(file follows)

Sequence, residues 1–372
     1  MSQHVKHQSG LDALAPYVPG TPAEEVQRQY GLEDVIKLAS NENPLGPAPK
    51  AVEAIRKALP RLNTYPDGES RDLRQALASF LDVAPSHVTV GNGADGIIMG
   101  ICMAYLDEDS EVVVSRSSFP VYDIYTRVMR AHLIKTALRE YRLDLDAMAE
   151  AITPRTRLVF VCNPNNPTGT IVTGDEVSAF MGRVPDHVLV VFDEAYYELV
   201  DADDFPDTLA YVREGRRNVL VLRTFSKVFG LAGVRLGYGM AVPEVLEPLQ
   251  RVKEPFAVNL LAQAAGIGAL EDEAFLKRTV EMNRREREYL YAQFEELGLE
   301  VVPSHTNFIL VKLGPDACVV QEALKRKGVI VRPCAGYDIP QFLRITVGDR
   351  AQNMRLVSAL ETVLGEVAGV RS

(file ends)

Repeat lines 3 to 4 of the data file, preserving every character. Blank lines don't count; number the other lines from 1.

    51  AVEAIRKALP RLNTYPDGES RDLRQALASF LDVAPSHVTV GNGADGIIMG
   101  ICMAYLDEDS EVVVSRSSFP VYDIYTRVMR AHLIKTALRE YRLDLDAMAE